Victims of traumatic brain injury often grapple with crippling life challenges years after their initial trauma. The authors of Conquering Concussion believe that many of these patients have a strong chance of healing through effective biofeedback therapy, an avenue they fully explore in this informative and highly engaging resource book.
Looking back through history, the authors explore the circumstances behind head injuries of famous people such as King Henry VIII, Lord Nelson, Mary Lincoln and Howard Hughes, and how the incidents likely caused their severe behavioral changes. The book goes on to explain how concussions lead to physical and emotional problems that sometimes don’t respond to treatments such as medications and traditional rehabilitation programs.
Author Mary Lee Esty is a licensed clinical social worker with a Ph.D. in health psychology. She is a scholar on traumatic brain injury and has worked extensively with patients experiencing recurring health issues to bring improvements through a series of bio- or neurofeedback sessions that help the brain to get “unstuck.” The minimally invasive, non-traumatic techniques not only work for those diagnosed with concussions, but has been found to help those with ADHD and PTSD. Using biofeedback (the effectiveness of which has been backed by decades of clinical research) to return the brain/body connection to a balanced state can be “life-changing,” Esty believes.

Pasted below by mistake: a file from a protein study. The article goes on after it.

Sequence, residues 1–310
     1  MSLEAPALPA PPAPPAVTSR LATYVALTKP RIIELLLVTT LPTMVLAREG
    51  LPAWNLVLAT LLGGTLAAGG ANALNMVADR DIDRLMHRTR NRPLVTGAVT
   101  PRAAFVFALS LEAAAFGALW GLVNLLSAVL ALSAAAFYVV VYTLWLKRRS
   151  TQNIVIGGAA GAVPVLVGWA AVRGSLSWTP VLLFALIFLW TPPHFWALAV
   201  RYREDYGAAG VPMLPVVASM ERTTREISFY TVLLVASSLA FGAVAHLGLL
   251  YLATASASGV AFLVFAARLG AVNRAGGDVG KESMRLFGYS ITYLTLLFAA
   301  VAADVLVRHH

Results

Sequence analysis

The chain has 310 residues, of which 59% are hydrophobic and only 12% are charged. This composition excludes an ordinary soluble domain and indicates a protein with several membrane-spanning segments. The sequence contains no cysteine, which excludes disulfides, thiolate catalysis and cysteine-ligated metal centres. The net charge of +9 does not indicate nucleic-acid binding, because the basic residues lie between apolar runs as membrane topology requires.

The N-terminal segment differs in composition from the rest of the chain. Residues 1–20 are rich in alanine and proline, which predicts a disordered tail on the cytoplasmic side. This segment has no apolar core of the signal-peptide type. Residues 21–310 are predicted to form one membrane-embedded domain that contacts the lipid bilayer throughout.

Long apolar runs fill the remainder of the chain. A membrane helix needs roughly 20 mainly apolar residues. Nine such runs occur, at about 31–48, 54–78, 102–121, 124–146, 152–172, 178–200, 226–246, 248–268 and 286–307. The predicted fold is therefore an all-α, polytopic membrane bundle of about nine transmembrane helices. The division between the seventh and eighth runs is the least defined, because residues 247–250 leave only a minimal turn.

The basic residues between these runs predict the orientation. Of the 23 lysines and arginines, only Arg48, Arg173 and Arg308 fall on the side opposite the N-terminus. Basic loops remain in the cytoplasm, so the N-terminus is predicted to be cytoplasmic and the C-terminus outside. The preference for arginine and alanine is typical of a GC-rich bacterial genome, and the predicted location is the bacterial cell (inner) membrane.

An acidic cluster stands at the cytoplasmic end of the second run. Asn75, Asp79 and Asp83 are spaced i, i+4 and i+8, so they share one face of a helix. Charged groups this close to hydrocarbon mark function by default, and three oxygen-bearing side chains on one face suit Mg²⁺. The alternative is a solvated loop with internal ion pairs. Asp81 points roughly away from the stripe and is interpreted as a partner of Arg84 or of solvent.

Esty’s book (co-written by C.M. Shifflett, a science and technology writer) is thorough yet highly readable — rich with explanatory and well-documented details and illustrations that enlighten without overwhelming. It includes a wealth of powerful case histories of Esty’s successes as well as easily understood chapters on all aspects of what happens in brain injury, how it is diagnosed, long-term consequences, and what can help toward its repair.
Overall, this impressively penned primer will be a valuable find for a broad audience of professionals, caretakers and those troubled by the consequences of brain trauma who seek to improve their well-being.